Close Window

The house the CMS team built

building_house_of_cards_400_clr_9364Finding the right web content management system (WCMS) is akin to building a house; without the proper thought, time, and consideration dedicated to the process at the outset, you will likely end up with something that you will find difficult to live in/with.

It all starts with a perceived need

Most of us don’t just wake up one day and decide “I think I will build a new home.”, similarly I think the frequency with which someone’s waking thought is “I think I will look into replacing our WCMS today.” is probably even less. I hope. These kinds of monumental and life altering decisions come out of a realization of a few/several/many needs not being met by the current solution.

So the first logical step is to validate the need. Do you really need a four-bedroom, three-and-a-half bath, with a walk-out basement, radiant floor heating, geothermic water sourcing, and solor power collection, custom-designed raised bungalow? Or would the cookie-cutter, 10 year old, Mc-developer, suburban house do? The only way to find out is to collect the requirements of those affected by the decision.

So in the case of a house, this is a fairly easy thing to do that can be accomplished over the dinner table between hockey and swim team practice. Uncovering the various wants and requirements from across the organization, and then filtering those down to find the true core needs, or focal needs, takes considerably more time, people, and patience. This is where getting some help from an expert in the field can make life a lot easier.

Picking a builder and general contractor

Okay so the consensus is that a new, modern, fully decked out abode is the thing to do. Now who ya gonna call? No, not Ghostbusters. Figuring out who, out of the literally thousands of choices of builders, or in the case of the new WCMS, vendors, out there is the best choice for you is the next effort in the process. Again, getting the support of an external partner can make this process much more efficient and timely than trying to tackle it by yourself.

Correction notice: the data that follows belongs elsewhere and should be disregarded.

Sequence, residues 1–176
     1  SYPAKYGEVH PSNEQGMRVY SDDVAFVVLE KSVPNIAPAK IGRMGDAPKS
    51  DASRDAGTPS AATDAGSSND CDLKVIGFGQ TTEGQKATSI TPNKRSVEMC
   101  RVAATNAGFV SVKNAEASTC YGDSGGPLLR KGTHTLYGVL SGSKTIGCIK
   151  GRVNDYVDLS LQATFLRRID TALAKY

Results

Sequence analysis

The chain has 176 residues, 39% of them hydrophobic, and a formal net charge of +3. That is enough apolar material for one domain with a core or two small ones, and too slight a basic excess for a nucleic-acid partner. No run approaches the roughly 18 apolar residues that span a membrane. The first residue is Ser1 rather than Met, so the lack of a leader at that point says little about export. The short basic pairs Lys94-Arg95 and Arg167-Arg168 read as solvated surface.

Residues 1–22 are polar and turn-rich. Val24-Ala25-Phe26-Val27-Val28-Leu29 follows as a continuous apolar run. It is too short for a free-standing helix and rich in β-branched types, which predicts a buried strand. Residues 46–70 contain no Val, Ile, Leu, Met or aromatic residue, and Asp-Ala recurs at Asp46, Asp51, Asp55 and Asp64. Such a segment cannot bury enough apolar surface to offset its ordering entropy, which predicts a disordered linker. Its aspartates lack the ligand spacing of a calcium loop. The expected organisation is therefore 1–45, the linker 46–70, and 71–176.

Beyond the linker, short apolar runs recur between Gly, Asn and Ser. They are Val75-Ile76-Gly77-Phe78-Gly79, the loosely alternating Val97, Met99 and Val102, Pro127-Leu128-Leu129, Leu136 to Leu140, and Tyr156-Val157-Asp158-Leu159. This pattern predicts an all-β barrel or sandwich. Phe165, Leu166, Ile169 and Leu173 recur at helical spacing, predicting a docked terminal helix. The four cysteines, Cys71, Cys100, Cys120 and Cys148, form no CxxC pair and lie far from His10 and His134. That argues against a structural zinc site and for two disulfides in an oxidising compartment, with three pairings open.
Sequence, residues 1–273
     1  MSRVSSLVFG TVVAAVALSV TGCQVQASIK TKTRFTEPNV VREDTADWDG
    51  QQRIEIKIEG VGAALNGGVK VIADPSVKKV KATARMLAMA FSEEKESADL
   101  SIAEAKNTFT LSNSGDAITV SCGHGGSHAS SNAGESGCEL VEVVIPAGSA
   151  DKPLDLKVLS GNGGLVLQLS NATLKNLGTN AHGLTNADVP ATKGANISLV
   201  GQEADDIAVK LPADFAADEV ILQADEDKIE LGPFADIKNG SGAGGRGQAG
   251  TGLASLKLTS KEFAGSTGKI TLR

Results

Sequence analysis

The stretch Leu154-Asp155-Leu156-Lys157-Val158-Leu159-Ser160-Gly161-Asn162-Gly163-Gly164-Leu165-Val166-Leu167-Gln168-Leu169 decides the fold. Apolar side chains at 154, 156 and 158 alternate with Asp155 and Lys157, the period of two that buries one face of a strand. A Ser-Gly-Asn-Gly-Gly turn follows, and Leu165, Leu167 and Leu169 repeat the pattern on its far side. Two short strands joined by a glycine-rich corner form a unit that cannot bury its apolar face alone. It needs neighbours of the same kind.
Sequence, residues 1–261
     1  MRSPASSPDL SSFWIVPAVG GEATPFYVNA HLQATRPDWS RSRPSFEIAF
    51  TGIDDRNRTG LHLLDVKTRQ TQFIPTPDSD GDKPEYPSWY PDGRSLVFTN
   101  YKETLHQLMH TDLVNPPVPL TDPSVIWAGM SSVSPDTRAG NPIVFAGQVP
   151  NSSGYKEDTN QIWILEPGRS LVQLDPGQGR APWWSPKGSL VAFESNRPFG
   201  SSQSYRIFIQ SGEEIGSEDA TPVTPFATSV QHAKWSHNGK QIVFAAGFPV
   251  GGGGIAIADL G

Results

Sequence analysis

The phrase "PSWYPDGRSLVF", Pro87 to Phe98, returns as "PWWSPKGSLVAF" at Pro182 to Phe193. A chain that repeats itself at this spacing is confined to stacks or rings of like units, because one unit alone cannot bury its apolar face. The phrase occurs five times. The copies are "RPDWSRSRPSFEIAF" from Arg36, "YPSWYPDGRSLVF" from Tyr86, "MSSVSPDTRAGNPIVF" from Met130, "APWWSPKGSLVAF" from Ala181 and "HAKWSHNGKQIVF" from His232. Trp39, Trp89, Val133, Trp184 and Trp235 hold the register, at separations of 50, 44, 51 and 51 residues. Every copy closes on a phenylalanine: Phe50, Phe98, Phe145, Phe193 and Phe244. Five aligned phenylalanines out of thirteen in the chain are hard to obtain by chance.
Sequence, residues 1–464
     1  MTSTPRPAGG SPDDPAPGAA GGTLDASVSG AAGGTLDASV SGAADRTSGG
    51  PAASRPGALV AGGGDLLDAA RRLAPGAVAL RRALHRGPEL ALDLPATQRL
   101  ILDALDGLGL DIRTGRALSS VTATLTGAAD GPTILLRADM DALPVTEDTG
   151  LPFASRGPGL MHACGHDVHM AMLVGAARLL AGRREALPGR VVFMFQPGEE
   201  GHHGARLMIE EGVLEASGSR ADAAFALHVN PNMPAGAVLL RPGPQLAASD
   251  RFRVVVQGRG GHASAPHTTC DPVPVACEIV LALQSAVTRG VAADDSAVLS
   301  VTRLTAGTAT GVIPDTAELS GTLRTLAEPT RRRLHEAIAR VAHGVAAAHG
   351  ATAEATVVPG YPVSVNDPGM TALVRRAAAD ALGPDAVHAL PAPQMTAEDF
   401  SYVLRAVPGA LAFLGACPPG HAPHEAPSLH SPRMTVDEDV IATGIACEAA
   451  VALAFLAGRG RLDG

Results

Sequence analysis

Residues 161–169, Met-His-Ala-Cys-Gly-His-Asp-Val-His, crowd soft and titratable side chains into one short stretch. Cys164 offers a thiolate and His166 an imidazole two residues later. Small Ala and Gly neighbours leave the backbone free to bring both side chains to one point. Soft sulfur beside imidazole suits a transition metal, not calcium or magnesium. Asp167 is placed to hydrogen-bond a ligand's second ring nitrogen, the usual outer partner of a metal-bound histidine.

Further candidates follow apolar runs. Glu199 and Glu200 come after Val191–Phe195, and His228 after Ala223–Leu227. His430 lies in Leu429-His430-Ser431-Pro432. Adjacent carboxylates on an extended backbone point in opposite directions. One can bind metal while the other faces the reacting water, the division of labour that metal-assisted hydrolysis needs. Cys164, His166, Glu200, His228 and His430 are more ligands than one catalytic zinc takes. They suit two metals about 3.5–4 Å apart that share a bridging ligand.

So with or without the help of a partner you have narrowed down the list of possibilities to two or three that look good on paper, and now is time to see if they really are a good fit via a face-to-face session and demonstration of their knowledge and skills. This is the time where those who have made the shortlist to introduce you to the team they will use on the project. You have to be comfortable with the whole team, not just the pitch person, because these are the people you will be spending a lot of time with and depending on to guide you to a successful implementation.

Time for show and tell

The shortlist of options is even shorter now, either one or two of the three you interviewed. Now is the time to get down to brass tacks, or blueprints and 3D models in the case of the house, or solution and pricing when talking about the selecting the WCMS with a written response to your documented needs (request for proposal). Then, and only then, are you ready to move forward with the team to show their wares in a short (about two weeks) proof of concept (POC) to give you and your team an opportunity to get some hands-on time with the platform and really see the proposed team in action.

If the POC goes well, then providing you can get the i’s dotted and the t’s crossed on the contract, and don’t underestimate the time that can take, then you are ready to roll up your sleeves and start building a new home for your digital content.

Digital Clarity Group works with clients to guide them through each of these steps; from validating the decision of acquiring a new technology, right through to overseeing the POC. For more details about our process, please download our Ultimate Guide to Selecting a Web Content Management System: An 8-step guide to successful WCMS selection.

8 step cover page


, , , , , , ,

Meet us at: